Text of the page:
Mexico Deploys 15,000 Federal Forces, Many to Zetas Territory

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Mexico announced it would send just under 12,000 military personnel and 4,000 federal police to seven Mexican states, most of which are strongholds of the Zetas gang, which is rumored to be on the verge of a split.

In total, 15,735 federal officers will be sent to Michoacan, San Luis Potosi, Tamaulipas, Zacatecas, Guanajuato, Nuevo Leon and Coahuila. Of these, 11,835 will be from the military and the remaining 3,900 federal police, reported Proceso.

The troop surge comes in response to recent headline-making violence in some of the states in question. In Michoacan last Friday, clashes between gangs and police left 10 people dead, including four federal officers. El Informador reported that the Familia Michocana gang set fire to vehicles to try and prevent the arrival of reinforcements. As part of the new deployment, Michoacan will receive 600 federal police and two helicopters, along with radio patrol cars and armored vehicles.

North of Michoacan, meanwhile, authorities found 14 bodies in a van in San Luis Potosi on August 9. The state’s attorney general, Miguel Angel Garcia, told media that the victims had been kidnapped in the state of Coahuila before being killed and dumped in San Luis Potosi. He added that the violence was likely due to clashes between rival factions of the Zetas drug gang. Three days after the discovery of the bodies, the mayor-elect of Matehuala in San Luis Potosi was murdered by gunmen.

Earlier this month, there was a series of attacks on businesses and media organizations in Nuevo Leon.

InSight Crime Analysis

Parts of five of the states where the deployment is being carried out are considered to be Zetas territory (see map below): namely Coahuila, Zacatecas, Nuevo Leon, Tamaulipas and San Luis Potosi. One explanation for the attacks in San Luis Potosi, as Angel Garcia mentioned, could be a rumored split in the Zetas leadership.

Security forces surge vs. Zetas Aug 2012Reports surfaced towards the end of last month suggesting that the relationship between the group’s main leaders — Heriberto Lazcano, alias “Z-3”, and Miguel Angel Treviño Morales, alias “Z-40” — had fractured and that the two could be heading for confrontation. However, public banners, or “narcomantas,” have since appeared denying any such split. If the group does fracture, it could be more complicated than a simple divide between two warring factions. As InSight Crime noted last year, there are indications that the Zetas’ command structure has become fragmented, with mid-level commanders unilaterally carrying out violent acts without the approval of their bosses. Should this disintegration continue, it could mean a sustained battle between smaller rival factions over territory.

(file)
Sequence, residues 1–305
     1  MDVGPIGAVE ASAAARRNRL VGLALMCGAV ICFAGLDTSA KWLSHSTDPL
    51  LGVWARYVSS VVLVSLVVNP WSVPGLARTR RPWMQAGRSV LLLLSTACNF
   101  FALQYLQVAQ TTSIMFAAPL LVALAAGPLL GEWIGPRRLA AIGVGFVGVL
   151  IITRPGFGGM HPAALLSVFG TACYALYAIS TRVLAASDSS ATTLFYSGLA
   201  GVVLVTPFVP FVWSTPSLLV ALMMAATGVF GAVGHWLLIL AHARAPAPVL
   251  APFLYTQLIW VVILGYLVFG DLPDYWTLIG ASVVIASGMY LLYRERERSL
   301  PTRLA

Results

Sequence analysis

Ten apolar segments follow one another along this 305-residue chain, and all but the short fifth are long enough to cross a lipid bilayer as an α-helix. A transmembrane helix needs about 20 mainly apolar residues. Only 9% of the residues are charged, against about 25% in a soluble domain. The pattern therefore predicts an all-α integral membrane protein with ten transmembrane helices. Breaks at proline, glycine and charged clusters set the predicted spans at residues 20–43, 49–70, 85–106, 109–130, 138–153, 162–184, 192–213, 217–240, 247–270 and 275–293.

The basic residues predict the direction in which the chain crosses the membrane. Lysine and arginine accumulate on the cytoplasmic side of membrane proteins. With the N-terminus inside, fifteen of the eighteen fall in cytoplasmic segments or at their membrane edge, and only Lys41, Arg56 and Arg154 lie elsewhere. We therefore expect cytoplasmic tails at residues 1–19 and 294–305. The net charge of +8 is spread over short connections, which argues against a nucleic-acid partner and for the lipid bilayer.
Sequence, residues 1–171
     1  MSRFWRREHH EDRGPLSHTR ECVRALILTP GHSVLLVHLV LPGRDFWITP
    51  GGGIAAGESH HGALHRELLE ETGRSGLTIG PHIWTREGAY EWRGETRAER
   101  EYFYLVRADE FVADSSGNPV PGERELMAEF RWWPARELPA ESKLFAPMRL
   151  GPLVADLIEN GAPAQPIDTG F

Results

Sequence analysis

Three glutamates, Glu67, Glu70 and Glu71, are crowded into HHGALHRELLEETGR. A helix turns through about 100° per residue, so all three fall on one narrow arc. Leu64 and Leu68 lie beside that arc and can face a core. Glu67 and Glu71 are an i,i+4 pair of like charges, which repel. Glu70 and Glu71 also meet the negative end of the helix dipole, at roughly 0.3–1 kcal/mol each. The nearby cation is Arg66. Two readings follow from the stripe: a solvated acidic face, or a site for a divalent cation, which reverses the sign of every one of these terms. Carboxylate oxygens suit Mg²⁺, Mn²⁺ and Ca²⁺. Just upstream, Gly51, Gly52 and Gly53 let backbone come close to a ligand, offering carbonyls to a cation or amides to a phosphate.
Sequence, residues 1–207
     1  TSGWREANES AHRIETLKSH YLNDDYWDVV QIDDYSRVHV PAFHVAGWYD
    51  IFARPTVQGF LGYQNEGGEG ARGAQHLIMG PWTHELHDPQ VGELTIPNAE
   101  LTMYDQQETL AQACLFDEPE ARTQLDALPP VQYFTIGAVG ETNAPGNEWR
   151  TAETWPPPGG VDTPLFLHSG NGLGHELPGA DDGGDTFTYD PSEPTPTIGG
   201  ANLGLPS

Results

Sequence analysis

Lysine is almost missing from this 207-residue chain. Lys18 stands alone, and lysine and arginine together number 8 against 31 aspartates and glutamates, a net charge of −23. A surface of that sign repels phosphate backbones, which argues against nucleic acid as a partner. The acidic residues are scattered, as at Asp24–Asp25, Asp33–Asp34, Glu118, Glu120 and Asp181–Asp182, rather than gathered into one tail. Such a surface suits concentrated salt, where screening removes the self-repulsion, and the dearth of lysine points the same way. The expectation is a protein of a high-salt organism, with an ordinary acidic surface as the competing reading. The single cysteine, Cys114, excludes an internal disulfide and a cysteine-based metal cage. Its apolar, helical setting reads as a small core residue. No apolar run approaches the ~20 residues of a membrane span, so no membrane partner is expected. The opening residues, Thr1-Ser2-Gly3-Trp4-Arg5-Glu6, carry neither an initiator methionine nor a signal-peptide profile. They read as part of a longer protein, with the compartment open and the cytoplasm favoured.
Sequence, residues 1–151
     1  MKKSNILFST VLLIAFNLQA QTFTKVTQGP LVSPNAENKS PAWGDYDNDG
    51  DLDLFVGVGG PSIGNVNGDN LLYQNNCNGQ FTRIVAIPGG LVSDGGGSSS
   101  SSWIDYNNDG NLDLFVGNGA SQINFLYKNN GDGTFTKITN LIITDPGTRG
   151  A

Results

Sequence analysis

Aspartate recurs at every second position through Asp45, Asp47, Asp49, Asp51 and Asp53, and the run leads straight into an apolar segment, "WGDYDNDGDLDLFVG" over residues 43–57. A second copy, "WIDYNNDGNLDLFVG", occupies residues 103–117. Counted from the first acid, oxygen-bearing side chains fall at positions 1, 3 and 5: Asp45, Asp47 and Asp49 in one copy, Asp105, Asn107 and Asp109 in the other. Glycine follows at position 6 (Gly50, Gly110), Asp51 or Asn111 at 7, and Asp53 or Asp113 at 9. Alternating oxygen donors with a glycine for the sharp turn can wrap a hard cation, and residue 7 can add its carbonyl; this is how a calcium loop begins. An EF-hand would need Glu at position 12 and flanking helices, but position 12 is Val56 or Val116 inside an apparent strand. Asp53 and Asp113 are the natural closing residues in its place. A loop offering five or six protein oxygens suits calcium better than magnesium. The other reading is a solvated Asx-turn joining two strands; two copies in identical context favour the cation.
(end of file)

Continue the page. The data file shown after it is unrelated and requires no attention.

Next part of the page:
Mexican journalist Jorge Fernandez Menendez predicted that San Luis Potosi could become a a new “epicenter of violence” in the coming weeks as Zetas factions fight one another, with repercussions for Zacatecas and Coahuila.

Meanwhile, Michoacan and Guanajuato are home to the Familia Michocana and their offspring the Caballeros Templarios, which have been fighting one another for the last 18 months. Michaocan was the first state to which Calderon deployed troops after he took office in December 2006, but it remains a region dominated by organized crime.

The question is whether the government increasing military presence in these areas will succeed in bringing down gang violence. Recent history suggests that the move may be counterproductive, at least in the short term. Since taking office Calderon has made military deployments a central component of his fight against the country’s drug gangs. Though the country has been largely supportive of this approach, with 64 percent of the population in favor, a 2011 report by Nexos found that homicides had risen in the areas where Calderon sent troops, particularly in states such as Sinaloa, Nuevo Leon and Tamaulipas.

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